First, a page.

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Monty Panesar and cricket’s ‘moral’ hypocrisy

At the end of the day, cricketers are professionals who on bad days, can have emotional turmoils. Monty Panesar just had a one of those days © Getty Images
At the end of the day, cricketers are professionals, who on bad days can have emotional turmoils. Monty Panesar just had one of those days © Getty Images

Monty Panesar was once again in the headlines for the wrong reasons. Abhishek Mukherjee tries to explain why the media has been unusually harsh on him.

Monty Panesar has made the news again, this time for a reason that could not exactly be classified as renal. Hours after their humiliating defeat in the recently concluded Ashes Test at MCG, Panesar had apparently chatted up an American backpacker (who goes by the name of Alison) using Tinder, a mobile dating app, and had invited her to his room.

Much has been made of the issue since, which leads us to the obvious question: Has Panesar really done anything wrong?

India in the 1960s used to be a different place. “India’s first great spinner [Subhash Gupte] – if we classify [Vinoo] Mankad as an all-rounder – ended his career because he happened to share a room with a man who wanted a drink with a girl. Only in India could it have happened,” were Mihir Bose’s exact words in A History of Indian Cricket.

Kripal Singh, who had been sharing room no 7 with Gupte at the Imperial Hotel in Delhi, had asked the hotel receptionist out for a drink. A misunderstanding ended Gupte’s Test career (it should have ended Kripal’s instead), but what stood out were Gupte’s words: “Kripal [Singh] had not raped the girl or assaulted her, he just asked her out for a drink.”

The media had been after Ian Botham after his encounter with Lindy Field (former Miss Barbados) and a broken bed during a 0-5 “blackwash”. He had received a three-month ban as well, but that was for smoking cannabis. Cricketers, as sporting icons, have had their share of glamour and attention as far as the fair sex is concerned, and romance and other personal aspects of cricketers have often been dissected by and commented upon by the public.

Botham was neither the first nor the last cricketer to be involved in a relationship. Much has been made of Shane Warne’s affairs, real or otherwise, and whether Virat Kohli had met filmstar Anushka Sharma on his return from the defeat in South Africa.

Let us consider, for example, a computer engineer (to select a random profession). Let us assume that he has failed to meet a deadline, and has caused his organisation a heavy financial loss. While the organisation has suffered, the person in concern is not expected to be in the best of moods either.

Would we really blame a person if he, out of exasperation or for some other reason, decides to date someone on an evening when he has been in utterly fragile state of mind? If not, should we actually point fingers at poor Panesar? He wasn’t, after all, trying to do something illegal or immoral: he was merely trying to find a companion who might have turned his woeful evening into a better one.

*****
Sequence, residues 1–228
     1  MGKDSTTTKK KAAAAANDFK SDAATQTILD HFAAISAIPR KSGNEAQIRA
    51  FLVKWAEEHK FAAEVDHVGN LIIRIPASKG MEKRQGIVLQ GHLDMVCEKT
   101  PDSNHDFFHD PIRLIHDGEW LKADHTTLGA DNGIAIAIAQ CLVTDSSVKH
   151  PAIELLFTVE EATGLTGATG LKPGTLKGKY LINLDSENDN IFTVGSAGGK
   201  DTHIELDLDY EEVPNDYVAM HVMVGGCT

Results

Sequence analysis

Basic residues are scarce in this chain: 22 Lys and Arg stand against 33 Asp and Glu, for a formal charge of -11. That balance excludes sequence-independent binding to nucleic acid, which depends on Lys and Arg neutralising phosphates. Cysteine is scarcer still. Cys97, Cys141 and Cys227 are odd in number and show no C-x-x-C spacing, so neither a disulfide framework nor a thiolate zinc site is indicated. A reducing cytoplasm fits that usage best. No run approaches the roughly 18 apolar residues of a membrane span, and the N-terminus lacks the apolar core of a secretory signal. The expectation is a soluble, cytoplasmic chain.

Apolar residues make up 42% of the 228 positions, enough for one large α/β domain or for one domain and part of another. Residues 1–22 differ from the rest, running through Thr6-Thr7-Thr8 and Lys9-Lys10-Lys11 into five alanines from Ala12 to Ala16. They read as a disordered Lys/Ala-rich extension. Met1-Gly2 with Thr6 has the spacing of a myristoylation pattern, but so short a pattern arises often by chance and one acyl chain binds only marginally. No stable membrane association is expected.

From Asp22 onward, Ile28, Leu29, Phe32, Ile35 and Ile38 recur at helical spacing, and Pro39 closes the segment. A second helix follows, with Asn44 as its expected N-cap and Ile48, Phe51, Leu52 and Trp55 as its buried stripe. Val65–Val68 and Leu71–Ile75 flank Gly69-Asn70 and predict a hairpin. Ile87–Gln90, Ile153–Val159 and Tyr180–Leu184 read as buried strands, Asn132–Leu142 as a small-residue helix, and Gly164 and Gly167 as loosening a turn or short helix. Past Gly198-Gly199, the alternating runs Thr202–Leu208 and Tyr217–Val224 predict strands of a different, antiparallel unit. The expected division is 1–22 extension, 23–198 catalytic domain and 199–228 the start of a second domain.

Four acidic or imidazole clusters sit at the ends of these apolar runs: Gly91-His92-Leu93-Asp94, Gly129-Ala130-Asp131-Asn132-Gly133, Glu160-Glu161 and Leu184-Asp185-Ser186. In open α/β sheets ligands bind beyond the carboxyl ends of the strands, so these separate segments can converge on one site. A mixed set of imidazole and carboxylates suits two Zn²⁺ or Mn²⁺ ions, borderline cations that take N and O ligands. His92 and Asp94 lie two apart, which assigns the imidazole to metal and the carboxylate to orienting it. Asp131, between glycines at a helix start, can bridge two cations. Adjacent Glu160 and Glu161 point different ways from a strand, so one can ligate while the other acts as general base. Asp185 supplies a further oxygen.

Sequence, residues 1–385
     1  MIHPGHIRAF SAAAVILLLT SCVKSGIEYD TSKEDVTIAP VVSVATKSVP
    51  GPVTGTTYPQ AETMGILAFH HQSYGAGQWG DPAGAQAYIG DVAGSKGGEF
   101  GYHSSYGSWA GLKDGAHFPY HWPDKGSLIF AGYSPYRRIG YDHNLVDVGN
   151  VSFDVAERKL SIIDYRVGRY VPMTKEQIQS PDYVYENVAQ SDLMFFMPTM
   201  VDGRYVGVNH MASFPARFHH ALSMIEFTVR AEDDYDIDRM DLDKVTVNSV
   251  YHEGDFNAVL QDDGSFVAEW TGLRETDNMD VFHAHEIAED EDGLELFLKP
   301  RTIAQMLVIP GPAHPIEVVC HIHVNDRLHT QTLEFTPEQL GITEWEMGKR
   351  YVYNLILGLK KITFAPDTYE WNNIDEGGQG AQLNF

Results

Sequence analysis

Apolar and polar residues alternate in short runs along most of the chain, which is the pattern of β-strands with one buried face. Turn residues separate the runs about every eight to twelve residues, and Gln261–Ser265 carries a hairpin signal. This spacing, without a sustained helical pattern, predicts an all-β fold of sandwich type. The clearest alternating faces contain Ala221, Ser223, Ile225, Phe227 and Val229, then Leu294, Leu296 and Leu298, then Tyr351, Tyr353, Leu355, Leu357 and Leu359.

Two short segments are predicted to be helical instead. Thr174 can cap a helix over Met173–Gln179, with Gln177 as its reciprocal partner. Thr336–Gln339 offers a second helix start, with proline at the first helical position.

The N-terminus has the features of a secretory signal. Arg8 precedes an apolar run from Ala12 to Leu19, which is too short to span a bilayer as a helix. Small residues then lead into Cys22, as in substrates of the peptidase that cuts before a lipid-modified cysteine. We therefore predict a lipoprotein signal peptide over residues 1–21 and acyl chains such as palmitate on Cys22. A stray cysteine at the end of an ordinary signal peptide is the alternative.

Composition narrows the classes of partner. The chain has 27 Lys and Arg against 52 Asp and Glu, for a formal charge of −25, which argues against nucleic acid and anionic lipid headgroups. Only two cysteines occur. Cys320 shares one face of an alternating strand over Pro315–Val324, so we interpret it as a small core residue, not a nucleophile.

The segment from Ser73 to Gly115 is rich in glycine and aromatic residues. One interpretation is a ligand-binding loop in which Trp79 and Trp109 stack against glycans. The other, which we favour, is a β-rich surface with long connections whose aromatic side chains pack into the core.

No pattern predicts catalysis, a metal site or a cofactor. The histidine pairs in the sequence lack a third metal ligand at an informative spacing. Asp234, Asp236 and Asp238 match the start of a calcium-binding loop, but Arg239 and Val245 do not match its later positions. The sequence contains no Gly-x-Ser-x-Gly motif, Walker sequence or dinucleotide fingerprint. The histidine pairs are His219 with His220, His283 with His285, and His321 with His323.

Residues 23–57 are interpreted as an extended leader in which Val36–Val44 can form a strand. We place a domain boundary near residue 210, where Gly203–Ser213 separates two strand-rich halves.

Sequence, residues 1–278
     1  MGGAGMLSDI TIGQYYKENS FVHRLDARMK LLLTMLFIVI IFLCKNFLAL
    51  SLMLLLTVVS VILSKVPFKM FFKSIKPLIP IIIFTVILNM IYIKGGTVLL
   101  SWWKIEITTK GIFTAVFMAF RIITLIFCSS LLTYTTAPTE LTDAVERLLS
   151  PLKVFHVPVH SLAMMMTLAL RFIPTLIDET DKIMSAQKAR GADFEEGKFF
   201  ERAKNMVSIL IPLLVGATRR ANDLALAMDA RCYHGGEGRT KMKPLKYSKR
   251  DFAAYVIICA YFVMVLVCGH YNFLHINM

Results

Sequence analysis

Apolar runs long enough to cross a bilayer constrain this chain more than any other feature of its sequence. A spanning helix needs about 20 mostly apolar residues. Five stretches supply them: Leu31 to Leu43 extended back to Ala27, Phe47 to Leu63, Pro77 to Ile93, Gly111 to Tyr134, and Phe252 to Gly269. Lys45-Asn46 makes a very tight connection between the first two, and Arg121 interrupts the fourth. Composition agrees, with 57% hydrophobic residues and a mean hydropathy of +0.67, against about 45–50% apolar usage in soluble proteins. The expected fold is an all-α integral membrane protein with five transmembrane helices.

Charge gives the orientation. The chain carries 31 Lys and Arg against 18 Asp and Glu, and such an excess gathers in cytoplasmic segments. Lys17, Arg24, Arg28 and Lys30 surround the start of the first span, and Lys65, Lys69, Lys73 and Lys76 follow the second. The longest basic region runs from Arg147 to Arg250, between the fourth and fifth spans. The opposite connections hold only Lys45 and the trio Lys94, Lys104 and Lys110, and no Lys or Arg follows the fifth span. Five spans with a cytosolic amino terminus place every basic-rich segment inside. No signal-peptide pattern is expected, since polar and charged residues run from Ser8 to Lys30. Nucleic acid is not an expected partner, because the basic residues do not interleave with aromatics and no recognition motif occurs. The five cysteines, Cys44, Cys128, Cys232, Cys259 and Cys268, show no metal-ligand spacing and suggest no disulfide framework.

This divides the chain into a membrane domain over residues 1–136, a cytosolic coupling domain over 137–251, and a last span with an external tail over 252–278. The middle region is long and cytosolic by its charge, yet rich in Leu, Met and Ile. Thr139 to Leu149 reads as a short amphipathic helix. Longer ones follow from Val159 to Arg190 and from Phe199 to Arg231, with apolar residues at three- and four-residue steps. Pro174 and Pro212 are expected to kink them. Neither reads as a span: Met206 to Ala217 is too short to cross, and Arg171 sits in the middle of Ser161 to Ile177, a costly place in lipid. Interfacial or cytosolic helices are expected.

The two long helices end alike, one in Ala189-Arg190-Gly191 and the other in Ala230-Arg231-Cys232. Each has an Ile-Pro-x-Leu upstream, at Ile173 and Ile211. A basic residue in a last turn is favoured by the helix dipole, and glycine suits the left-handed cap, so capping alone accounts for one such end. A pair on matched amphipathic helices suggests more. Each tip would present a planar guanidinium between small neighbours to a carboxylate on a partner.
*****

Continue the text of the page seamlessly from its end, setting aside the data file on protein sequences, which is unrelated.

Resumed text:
What we are trying to say is this:

 

Normal person after a bad day: Will you come up to my room?

 

Other person: No.

is correct, while

 

Cricketer after a bad day: Will you come up to my room?

 

Other person: No.

is not.

How can a cricketer ask a woman out after he has lost a Test? Should he not be focusing on the sport instead? Now, had he been a salesperson or a programmer, it would have been a completely different aspect, since there are certain things in life a failed cricketer is not supposed to do but people in other professions are perfectly eligible to.

A year back, Panesar had been instrumental in England’s first series victory on Indian soil after 28 years. With Graeme Swann’s exit, one might have expected him to be the frontline spinner for England, but he was axed, somewhat brutally, after the MCG debacle. Coincidence? Maybe. Logical, given that Panesar was the automatic successor to Swann? No.

We sometimes tend to forget that cricketers are human beings, just like any of us. They toil as hard as any of us and go through the same emotional upheavals as we do throughout our careers. They are almost always under severe pressure – from the opposition, from competing teammates, from the Boards, from the fixtures, and from a life lived out of suitcases.

We can choose to like or dislike them. That is entirely our choice. Everyone has their players of choice. There is nothing wrong with that. Even Don Bradman had his critics. What is perhaps not right is the exercising of our rights to pry into their personal lives as long as they do not do anything illegal (which is something Panesar has himself done earlier in his career).

Till then, let us at least give them the privacy to spend a tormented evening the way they want to. Would we have liked if we have been bashed by the opposition, had a bad day ourselves, were under the pressure of being axed any moment, and then – when we sought solace for the evening, a big mess had been created about it?

That is perhaps a question we would not like to answer.

(Abhishek Mukherjee is a cricket historian and Senior Cricket Writer at CricketCountry. He generally looks upon life as a journey involving two components – cricket and literature – though not as disjoint elements. A passionate follower of the history of the sport with an insatiable appetite for trivia and anecdotes, he has also a steady love affair with the incredible assortment of numbers that cricket has to offer. He also thinks he can bowl decent leg-breaks in street cricket, and blogs at http://ovshake.blogspot.in. He can be followed on Twitter at http://www.twitter.com/ovshake42)

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